Across the country, people enjoy lighting fireworks to celebrate our nation’s birthday each Fourth of July. While gathering in large groups to watch fireworks shows may not occur this summer due to the COVID-19 pandemic, families and socially distant groups can still safely enjoy the holiday.

Follow these tips to stay safe while using fireworks:

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  • Check to make sure using fireworks is legal in your area.
  • Only buy legal fireworks labeled with the manufacturer’s name.
  • Make sure children use sparklers only outdoors and keep them away from their faces, hair and clothing. Sparklers can burn up to 2,000 degrees.
  • Wear eye protection.
  • Always use fireworks outdoors and have a bucket of water or water hose nearby and stay away from people in case of accidents from backfiring or shooting in an unintended direction.
  • When using fireworks, always point them away from houses, trees, cars, shrubbery and, especially, other people.
  • Do not hold fireworks while lighting them. Place them in an open container before lighting the fuse.
  • Light one firework at a time and never relight a “dud.”
  • Never allow children to pick up fireworks from the ground. Unexploded fireworks may still ignite.
  • Soak used or unignited fireworks in a bucket of water before throwing them away.

Many families may spend Independence Day weekend at a lake or beach. Be aware of these additional precautions when you’re near the water.

Boating safety

  • Make sure your boat is in good working order before taking it out for the first time and that all required equipment is on the boat.
  • Make sure all life jackets are in good working order. Life jackets must be worn by children younger than 8 years old and by anyone on a personal watercraft or being towed on skis or a tube.
  • Be aware of what other boaters are doing around you.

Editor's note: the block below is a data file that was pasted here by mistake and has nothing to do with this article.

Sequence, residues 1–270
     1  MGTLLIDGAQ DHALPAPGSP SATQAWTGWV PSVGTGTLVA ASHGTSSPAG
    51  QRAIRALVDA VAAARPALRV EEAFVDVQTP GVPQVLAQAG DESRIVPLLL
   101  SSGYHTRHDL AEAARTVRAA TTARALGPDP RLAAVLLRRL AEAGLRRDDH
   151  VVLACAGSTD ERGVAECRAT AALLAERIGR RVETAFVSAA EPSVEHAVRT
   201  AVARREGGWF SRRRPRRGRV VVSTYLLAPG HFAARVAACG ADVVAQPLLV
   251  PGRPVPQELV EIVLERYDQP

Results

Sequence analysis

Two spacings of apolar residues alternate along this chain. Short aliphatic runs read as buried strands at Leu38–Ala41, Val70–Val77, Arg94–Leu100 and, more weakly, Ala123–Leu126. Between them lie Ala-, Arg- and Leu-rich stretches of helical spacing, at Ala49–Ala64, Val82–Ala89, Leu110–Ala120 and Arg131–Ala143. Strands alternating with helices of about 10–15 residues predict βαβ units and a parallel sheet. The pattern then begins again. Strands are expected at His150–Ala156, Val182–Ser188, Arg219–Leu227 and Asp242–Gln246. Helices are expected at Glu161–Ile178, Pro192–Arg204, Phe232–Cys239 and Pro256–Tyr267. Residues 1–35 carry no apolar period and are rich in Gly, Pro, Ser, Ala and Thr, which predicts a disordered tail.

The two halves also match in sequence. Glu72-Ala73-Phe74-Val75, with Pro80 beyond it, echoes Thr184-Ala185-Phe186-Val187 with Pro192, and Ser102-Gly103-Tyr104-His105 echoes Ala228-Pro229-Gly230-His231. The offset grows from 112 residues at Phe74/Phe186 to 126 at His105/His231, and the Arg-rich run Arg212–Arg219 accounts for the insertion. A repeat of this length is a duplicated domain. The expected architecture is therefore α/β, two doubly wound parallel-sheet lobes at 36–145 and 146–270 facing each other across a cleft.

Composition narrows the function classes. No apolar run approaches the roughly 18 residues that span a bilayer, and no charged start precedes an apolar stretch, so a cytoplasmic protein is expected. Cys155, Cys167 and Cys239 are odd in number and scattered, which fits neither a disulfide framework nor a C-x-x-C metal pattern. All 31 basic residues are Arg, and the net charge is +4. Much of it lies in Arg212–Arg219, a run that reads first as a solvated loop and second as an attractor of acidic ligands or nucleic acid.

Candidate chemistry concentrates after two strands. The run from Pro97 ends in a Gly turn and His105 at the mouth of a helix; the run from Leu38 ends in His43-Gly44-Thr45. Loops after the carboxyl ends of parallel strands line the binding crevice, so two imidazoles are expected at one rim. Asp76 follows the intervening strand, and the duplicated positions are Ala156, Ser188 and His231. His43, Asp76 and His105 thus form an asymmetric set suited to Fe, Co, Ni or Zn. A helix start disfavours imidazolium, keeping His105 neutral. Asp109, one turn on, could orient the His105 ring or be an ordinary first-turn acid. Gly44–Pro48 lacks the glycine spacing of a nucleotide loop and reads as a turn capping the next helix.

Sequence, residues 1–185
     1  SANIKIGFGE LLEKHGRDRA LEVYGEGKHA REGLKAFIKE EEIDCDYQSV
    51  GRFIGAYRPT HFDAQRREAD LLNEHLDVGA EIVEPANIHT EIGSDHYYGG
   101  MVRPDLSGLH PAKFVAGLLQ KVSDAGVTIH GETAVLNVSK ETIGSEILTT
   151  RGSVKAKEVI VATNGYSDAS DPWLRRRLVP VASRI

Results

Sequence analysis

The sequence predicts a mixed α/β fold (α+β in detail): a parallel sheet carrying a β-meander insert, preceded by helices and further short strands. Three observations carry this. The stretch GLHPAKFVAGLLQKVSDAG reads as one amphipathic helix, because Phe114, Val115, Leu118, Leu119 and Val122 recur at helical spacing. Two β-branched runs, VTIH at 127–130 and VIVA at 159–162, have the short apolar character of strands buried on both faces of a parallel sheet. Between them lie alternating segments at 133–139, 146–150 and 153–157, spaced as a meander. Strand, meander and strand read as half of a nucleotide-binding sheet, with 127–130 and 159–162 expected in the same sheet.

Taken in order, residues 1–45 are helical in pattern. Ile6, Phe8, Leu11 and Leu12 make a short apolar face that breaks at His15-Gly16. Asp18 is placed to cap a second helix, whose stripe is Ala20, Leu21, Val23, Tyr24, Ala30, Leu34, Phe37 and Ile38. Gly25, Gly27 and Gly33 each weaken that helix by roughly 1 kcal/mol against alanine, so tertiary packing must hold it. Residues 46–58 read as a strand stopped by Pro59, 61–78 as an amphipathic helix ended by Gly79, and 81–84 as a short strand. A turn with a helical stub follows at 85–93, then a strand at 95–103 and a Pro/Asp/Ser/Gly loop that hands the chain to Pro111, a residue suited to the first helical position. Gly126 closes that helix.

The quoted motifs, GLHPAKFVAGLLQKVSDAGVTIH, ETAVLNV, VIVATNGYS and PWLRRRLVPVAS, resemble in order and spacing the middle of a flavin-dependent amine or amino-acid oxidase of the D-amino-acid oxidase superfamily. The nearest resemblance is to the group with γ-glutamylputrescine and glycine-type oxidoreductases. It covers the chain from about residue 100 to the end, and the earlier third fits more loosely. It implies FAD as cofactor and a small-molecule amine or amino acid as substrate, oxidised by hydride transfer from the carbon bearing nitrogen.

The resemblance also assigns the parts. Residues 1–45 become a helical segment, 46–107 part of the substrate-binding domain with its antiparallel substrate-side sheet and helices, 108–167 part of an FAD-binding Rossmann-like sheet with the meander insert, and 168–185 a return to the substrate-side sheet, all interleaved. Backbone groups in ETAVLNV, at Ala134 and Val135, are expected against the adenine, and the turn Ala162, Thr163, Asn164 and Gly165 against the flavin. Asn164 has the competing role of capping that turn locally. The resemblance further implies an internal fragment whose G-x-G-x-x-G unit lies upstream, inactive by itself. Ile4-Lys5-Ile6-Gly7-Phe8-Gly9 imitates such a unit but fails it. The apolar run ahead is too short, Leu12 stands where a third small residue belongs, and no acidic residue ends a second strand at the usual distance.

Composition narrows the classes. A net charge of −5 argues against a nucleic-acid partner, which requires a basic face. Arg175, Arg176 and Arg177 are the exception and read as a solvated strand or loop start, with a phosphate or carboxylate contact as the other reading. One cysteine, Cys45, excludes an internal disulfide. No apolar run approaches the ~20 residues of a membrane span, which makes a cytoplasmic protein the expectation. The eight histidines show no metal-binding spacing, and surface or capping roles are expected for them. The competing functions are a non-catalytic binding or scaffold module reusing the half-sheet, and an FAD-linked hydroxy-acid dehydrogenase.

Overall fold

• Storms can come up quickly, especially in the summer, so keep an eye to the sky. If caught in a storm, try to get to the nearest shelter.

 Pool and water safety

  • Anywhere there is water, there is a danger of drowning. Never swim alone.
  • An adult must always watch children closely. This means no reading, talking on the phone or texting.
  • An adult should be within arm’s reach of infants, toddlers and weaker swimmers.
  • Enter shallow water feet first. It is never OK to dive into water less than 9 feet deep.

 Heat safety

  • Drink more fluids (nonalcoholic), regardless of your activity level. Don’t wait until you’re thirsty to drink.
  • The sun is strongest between 10 a.m. and 2 p.m. Limit the amount of time spent outside during these hours.
  • At least 20 minutes before going outside, apply sunscreen with an SPF of 15 or higher.
  • Wear lightweight, light-colored, loose-fitting clothing.

(Courtesy of Alabama NewsCenter)

5 hours ago

ADFSR returns to its roots for 2020 rodeo

The Alabama Deep Sea Fishing Rodeo (ADSFR), the largest saltwater tournament in the nation, will revert to its roots for the 87th rodeo, scheduled July 17-19 at the rodeo site on Dauphin Island.

Because of the COVID-19 restrictions, the ADSFR will concentrate strictly on the great fishing along the Alabama Gulf Coast, which harkens back to the early days of the rodeo when a group of dedicated tarpon anglers assembled on Dauphin Island for the initial events.

As safety precautions, ADSFR 2020 President Cory Quint said the rodeo will not hold the Liars Contest on the Thursday night before the rodeo. Also, the sponsors’ tent and the fish viewing area will not be available for the 2020 rodeo. The music entertainment has also been dropped for this year. However, the Roy Martin Young Anglers Tournament set for July 11, 2020, will be held as planned.

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“First and foremost, we’re a fishing tournament at heart,” Quint said. “Everything else we do is what we call ‘the show,’ which means we make it family friendly and appealing to other people outside of anglers.”

Many people are not aware of how much work goes into hosting the ADSFR, which attracts more than 3,000 anglers to the small barrier island in south Mobile County. Quint said normal rodeo preparation for the next year’s event starts about a month after the rodeo has fired the cannon to signal the end to the event.